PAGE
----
I support using alternative methods to student performance on standardized tests to evaluate teachers. In fact, I have a long list of “tried and true” alternatives at The Best Articles Describing Alternatives To High-Stakes Testing.
One of those alternative measures worth considering, I believe, are student portfolios.
Well, this week, Arne Duncan gave a speech where he endorsed that view:
Just last week I met with Dru Davison, a fantastic music teacher in Memphis. Arts teachers there were frustrated because they were being evaluated based solely on school-wide performance in math and English. So he convened a group of arts educators to come up with a better evaluation system.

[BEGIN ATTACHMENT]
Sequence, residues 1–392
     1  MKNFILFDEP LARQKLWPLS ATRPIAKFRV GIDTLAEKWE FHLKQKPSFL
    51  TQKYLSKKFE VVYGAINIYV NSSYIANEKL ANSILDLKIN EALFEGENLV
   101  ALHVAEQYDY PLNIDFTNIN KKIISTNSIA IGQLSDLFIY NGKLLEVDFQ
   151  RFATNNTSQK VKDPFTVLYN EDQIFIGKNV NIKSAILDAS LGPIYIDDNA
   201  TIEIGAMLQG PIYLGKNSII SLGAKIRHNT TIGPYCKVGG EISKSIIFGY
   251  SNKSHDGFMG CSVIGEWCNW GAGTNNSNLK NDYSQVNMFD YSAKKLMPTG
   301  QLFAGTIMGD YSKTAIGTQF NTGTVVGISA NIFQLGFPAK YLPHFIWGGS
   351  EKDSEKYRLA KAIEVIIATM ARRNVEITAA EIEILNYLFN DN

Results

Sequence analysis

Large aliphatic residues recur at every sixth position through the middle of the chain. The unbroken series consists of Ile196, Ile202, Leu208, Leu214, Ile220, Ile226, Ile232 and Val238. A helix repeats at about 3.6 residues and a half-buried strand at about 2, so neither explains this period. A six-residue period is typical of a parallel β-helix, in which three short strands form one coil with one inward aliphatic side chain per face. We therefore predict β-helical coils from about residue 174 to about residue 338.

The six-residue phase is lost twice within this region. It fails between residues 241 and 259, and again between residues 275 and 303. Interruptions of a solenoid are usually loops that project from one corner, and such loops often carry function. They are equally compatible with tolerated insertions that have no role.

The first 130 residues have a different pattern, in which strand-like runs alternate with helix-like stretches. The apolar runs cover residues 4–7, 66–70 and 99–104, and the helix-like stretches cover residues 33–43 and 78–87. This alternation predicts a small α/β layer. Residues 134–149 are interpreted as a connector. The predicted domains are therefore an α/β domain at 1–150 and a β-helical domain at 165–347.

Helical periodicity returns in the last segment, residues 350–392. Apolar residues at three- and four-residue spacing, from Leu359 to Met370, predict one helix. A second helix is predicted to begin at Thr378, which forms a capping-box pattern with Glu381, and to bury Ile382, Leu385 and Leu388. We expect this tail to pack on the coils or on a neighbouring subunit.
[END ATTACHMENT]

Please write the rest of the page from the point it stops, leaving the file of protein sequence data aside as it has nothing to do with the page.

After Dru’s committee surveyed arts teachers in Memphis, they decided to develop a blind peer review evaluation to assess portfolios of student learning. It has proved enormously popular—so much so that Tennessee is now looking at adopting the system statewide for arts instructors. If we are willing to listen, and to do things differently, the answers are out there.
You can find more information about this Memphis plan here (and I’ve also contacted Mr. Davison for more information).
Of course, Secretary Duncan only endorsed it for arts teachers. But you’ll see articles on my previously mentioned “The Best…” list that detail ways schools have used similar systems on a large scale.
It would be nice if the U.S. Department of Education seriously explored such a system, but I’m not holding my breath.
Thanks to Alexander Russo for the link to Duncan’s speech.